With all the noise and competition on a healthcare trade show floor, it's tough to grab physicians' attention. But Show-time Enterprises, a marketing company with offices in Boston, Las Vegas, Philadelphia, and San Francisco, has found that giving docs 3-D goggles and immersing them in a virtual reality experience is effective.

“The experience educates a physician about the disease state and how the drug interacts with the patient. We're also able to give them a three- to four-minute presentation that blocks out all the other peripheral noise and gives them an opportunity to concentrate on the particular subject at hand,” say Kip Hargreaves, senior vice president of international development, and Larry Weaver, global healthcare consultant. The experience also cultivates a series of questions, tracks a physician's responses, and measures any change in perceptions, Hargreaves and Weaver say.

The Patient's POV

To teach doctors about mental disorders from the patient' s perspective, Showtime created a tunnel experience — “a 70-foot-long tunnel where they went through seven different stations with a lot of different visual effects,” says Hargreaves. An actor, playing the patient, walked the doctors through various life experiences, showing them, for instance, discussions in a doctor's office. The final presentation demonstrated the effectiveness of the client's product.

Even though the process took 17 minutes, “Physicians lined up, waiting for 25 minutes [to get in],” says Weaver. “Doctors were so enthusiastic coming out that their peers were quite anxious to go through the experience.”

The tunnel was particularly effective because it presented the patient's perspective, says Hargreaves. “There are a lot of misconceptions in the field of neuroscience,” he says. “Rather than having physicians talk about what it is like to deal with a particular patient, we told it from the patient's perspective” That approach is especially effective in Europe, adds Weaver.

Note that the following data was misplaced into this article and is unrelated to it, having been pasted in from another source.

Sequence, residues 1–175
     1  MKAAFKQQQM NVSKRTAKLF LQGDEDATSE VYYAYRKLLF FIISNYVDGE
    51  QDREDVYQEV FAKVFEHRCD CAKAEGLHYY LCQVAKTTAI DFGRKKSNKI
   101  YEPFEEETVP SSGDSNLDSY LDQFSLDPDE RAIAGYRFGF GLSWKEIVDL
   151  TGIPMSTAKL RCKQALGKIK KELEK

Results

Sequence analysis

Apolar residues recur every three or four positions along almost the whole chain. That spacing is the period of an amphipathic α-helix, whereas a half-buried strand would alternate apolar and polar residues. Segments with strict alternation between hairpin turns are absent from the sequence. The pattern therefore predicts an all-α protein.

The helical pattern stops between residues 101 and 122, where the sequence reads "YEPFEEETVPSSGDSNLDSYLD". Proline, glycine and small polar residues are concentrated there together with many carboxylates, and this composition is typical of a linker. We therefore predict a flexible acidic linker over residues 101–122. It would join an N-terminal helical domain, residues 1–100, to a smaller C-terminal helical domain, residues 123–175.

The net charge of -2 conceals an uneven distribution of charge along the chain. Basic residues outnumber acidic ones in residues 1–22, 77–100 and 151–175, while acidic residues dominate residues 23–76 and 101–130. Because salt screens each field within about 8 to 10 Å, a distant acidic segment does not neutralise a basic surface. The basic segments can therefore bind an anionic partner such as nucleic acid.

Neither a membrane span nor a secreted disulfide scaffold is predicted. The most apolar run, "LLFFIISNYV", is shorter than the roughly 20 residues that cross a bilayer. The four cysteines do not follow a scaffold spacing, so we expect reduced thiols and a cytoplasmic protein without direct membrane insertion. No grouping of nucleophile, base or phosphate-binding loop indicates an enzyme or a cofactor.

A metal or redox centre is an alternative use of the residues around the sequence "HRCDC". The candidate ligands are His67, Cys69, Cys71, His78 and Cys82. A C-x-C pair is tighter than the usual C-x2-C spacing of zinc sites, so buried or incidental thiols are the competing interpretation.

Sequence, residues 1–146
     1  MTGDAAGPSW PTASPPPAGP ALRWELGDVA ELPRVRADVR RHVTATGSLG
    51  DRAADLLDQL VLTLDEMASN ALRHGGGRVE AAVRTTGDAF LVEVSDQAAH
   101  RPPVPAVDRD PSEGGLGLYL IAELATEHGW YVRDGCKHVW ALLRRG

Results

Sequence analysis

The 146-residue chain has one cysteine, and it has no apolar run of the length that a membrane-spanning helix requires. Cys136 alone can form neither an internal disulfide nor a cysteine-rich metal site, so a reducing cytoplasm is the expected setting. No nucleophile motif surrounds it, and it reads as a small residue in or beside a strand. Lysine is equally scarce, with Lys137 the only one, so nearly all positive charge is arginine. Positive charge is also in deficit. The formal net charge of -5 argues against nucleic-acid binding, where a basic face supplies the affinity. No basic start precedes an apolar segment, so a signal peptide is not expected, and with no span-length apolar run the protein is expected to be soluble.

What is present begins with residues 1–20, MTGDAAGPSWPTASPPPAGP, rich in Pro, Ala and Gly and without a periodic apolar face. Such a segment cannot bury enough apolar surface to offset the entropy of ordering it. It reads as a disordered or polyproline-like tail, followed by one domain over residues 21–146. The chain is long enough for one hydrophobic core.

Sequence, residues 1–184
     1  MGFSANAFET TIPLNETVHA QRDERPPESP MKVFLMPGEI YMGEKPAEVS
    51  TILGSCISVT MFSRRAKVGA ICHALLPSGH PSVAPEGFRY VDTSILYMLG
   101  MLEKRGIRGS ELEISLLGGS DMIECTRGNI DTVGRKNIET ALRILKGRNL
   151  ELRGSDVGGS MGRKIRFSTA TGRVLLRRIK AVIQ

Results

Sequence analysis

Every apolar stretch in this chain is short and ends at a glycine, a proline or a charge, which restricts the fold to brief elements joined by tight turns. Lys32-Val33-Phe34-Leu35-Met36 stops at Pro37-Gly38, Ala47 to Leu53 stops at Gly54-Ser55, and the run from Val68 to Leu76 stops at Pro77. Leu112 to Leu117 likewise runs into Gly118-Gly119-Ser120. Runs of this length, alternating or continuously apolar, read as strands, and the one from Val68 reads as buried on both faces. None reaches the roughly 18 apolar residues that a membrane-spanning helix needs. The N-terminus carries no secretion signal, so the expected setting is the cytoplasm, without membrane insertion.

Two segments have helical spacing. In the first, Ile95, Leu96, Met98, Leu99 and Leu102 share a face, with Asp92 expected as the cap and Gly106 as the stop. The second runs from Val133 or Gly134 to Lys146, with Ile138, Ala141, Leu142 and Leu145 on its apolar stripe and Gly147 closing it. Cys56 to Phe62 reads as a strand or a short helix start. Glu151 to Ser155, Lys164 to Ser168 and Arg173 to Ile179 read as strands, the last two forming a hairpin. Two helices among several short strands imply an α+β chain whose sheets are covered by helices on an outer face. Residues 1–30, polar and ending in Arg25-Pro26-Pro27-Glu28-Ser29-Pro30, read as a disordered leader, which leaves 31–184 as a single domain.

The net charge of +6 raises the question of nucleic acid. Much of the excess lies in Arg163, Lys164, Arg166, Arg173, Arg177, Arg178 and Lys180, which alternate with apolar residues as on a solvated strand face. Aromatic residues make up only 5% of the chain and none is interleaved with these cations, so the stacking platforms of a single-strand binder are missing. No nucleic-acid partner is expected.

In fact, Hargreaves and Weaver have found that the immersion experience crosses cultural boundaries. “While there are cultural differences in many countries in how a physician or another attendee interacts with a person in the booth or the information presented,” says Weaver, “the 3D experience has proven to be enthusiastically accepted globally.”

Although most international medical meetings are conducted in English, Showtime translates the immersion experiences into other languages. “Doctors appreciate listening in French or German or Italian, so they don't have to struggle through if they don't speak perfect English,” says Hargreaves.

PhRMA Code Hits the Show Floor

As for other show floor trends, there is more emphasis on education as a response to the PhRMA code, say Hargreaves and Weaver. Clients are tying giveaways to educational objectives, says Weaver. “As an example, if we use an interactive game show in a client's exhibit that educates the physician on the disease state and/or the drug, the doctor receives a reward or a giveaway after that educational goal is accomplished.”

“And pharma firms want to make sure their educational message gets through. “We're moving beyond the traditional ROI measures,” Weaver continues. “We are talking with our clients about developing other measures of success, such as attitude response data, and pre- and post- knowledge screening, so we can show them that physicians enter with x amount of knowledge about the disease state and the various drugs and have an increased awareness or understanding after the experience.”

Showtime's clients include Ortho/Neutrogena, Merck, Bayer Pharmaceutical, Pfizer, and Schering-Plough. For more information visit www.showtimeinc.com.